A guide to Rational thinking for  IBS - Irritable Bowel Syndrome

Rational Thinking and IBS

A wonderful Psychiatrist once gave me an article to read at the end of our first session.  I was anticipating a load of platitudes and positive thinking statements.  Instead I was presented with a lot of unpleasant information, life is hard, people die, bad thinga happen.  It was not what I expected at all.

When I returned the Psychiatrist explained that he was not there to lie to me, he was there to help me and that the first thing I needed to do was to understand the role of rational thinking in IBS.  Learning to disseminate the vast swathes of information we are presented with is never easy, however if you are serious about freeing yourself of IBS it is a vital element of that process.

Take for example the following example.  If you are at home, the bathroom is vacant and you are relaxed, do you need to use the bathroom ?  If somebody uses the only bathroom, do you feel the need to go now ?  If you go somewhere new, do you need to go now ?  If you are in a crowded place and there is no free bathroom, do you need to go now ?

The reality is that anxiety, will often lead to a need to use the bathroom.  If you are relaxed you do not need the bathroom, if you are anxious you need the bathroom.  No amount of restrictive diet will free you from this unless you are able to overcome the anxiety and think rationally.

Below we have some tips to help you think rationally, however we will be returning to this often over looked area, as it can be such a great tool in your battle with IBS:

Reduce Anxiety by Learning to Think Rationally

Are you a rational thinker?  Most of us see ourselves as fairly rational.  We believe that our thoughts are sensible and logical.  While these attributes do contribute to thinking rationally, Dr. Maxie Maultsby, Jr. has developed a specific set of five criteria to thinking rationally.  He believes that if we apply these criteria to our thoughts, we will be able to create rational thoughts that lead to calm emotional states and subsequently better decision-making ability.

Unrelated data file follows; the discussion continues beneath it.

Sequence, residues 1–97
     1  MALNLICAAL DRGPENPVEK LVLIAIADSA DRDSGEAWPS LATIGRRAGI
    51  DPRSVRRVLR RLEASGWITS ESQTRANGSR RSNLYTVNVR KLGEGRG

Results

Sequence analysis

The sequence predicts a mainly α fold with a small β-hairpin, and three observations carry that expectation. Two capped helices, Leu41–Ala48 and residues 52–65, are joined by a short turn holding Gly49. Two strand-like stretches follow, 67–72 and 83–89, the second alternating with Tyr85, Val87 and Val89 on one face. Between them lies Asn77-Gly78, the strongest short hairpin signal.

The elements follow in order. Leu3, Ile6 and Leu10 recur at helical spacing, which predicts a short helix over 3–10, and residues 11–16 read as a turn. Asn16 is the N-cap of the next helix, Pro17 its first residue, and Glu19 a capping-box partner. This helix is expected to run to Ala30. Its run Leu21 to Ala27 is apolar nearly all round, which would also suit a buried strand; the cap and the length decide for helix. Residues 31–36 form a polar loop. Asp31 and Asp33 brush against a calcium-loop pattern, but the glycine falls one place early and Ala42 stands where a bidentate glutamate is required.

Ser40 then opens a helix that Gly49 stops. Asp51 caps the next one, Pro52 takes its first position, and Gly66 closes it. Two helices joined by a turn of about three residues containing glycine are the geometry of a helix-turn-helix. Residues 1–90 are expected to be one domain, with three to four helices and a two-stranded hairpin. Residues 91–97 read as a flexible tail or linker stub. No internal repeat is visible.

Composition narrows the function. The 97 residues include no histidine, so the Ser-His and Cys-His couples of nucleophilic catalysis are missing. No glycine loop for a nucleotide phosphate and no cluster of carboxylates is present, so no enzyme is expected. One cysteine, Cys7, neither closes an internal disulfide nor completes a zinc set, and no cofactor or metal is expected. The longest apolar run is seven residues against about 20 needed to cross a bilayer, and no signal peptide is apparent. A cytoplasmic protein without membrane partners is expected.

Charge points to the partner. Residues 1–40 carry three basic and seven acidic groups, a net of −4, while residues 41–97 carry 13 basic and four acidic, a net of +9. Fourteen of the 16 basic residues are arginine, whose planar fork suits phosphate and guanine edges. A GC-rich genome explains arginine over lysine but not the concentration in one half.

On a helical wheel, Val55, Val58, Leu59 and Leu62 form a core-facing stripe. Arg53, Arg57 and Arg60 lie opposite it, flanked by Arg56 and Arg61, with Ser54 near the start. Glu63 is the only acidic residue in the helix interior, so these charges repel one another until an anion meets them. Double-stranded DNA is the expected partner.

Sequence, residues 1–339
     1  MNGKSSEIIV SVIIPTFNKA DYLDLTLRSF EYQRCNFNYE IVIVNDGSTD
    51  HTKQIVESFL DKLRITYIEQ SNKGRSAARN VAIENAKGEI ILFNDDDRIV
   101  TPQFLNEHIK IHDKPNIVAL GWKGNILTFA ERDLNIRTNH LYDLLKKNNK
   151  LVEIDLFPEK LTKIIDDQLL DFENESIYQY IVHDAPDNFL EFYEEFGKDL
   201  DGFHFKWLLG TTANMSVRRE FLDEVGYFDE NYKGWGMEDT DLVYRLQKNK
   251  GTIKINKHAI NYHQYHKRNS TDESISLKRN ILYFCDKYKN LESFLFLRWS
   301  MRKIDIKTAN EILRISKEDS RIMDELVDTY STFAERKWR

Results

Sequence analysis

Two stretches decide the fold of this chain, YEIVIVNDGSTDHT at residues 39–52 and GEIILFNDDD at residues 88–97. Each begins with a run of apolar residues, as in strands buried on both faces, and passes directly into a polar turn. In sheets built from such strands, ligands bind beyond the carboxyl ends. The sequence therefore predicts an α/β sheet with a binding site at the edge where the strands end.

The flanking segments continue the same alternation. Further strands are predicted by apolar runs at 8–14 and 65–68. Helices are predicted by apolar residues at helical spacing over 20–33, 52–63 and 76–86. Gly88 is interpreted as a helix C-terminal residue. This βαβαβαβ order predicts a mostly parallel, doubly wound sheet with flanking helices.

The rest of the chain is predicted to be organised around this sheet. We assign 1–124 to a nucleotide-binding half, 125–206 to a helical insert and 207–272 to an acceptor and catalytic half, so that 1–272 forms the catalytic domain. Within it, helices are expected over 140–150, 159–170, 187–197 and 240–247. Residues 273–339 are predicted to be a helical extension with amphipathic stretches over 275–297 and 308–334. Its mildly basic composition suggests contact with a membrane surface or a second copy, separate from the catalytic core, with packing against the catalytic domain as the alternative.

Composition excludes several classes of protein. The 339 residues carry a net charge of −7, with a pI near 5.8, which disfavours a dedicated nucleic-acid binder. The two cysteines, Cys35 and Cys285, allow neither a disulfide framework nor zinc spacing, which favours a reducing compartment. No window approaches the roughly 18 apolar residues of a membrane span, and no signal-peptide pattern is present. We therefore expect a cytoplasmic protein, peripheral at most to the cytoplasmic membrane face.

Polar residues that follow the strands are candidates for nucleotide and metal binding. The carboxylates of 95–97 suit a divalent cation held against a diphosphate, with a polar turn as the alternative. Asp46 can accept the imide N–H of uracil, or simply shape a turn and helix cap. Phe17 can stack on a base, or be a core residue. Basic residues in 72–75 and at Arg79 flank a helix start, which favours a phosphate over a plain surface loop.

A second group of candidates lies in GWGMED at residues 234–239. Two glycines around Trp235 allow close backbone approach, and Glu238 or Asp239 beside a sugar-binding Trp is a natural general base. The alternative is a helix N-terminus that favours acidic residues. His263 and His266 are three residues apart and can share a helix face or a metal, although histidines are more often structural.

The specific criteria for rational thinking are as follows:

Your thought is based on fact.

Your thought will help to protect your life and health.

Your thought will help you to achieve your short-term and long-time goals.

Your thought will help you get along with others.

Your thought will help you to feel the way you want to feel emotionally.

You may determine if you are thinking rationally by applying these criteria to each of your thoughts.  If your thought is based on fact and meets at least two of the remaining criteria, it is most likely a rational thought for you to think.

Why is thinking rationally important?  Because what you think and believe about a situation leads you to feel the way you feel emotionally and to behave the way you do physically.  For example, if you think and believe that you won’t be able to tolerate waiting in line at the grocery, you will most likely make yourself anxious about going to the grocery and may ultimately choose not to go.  If you do go, you may feel very uncomfortable and create a sense of panic for yourself while in the grocery store.  It is quite likely that if you continue to believe this thinking, that you will not be able to wait in line, and will probably leave the grocery without completing your shopping.

Let’s apply the five criteria for rational thinking to the above thought, “I can’t tolerate waiting in line at the grocery”.  Is this thought factual?  It is certainly your subjective opinion, but probably not based on any real facts (unless you are physically handicapped, or for some reason cannot stand or sit).  Is this thought life preserving?  Most likely, this criterion is not relevant at this time, unless you are tempted to take your life or someone else’s life when you think this thought.  Is this thought helpful in achieving your goals?  If your goal is to purchase groceries, this is not a helpful thought!  Will your thought help you to get along with others?  There is certainly a possibility you may create conflict with others while waiting in line, especially if you perceive them as taking too much time or keeping you waiting.  And lastly, will this thought help you feel the way you want?  It’s obvious that you will most likely be anxious (and possibly angry and/or depressed) and these are not desirable feelings.

For most of us, thinking rationally does not happen automatically.  You must practice applying the criteria for rational thinking to each of your thoughts.  A simple beginning exercise would be for you to record a few examples of your thinking that create thoughts you have listed, and see if they are rational.  Remember, what you think and believe leads you to feel the way you feel emotionally and to behave the way you do physically.  Rational thoughts are always based on fact.  You might notice a pattern to your thinking.  These patterns are what create our belief system.  The next article will address long and firmly held beliefs and how to challenge and change the ones that create negative emotional states.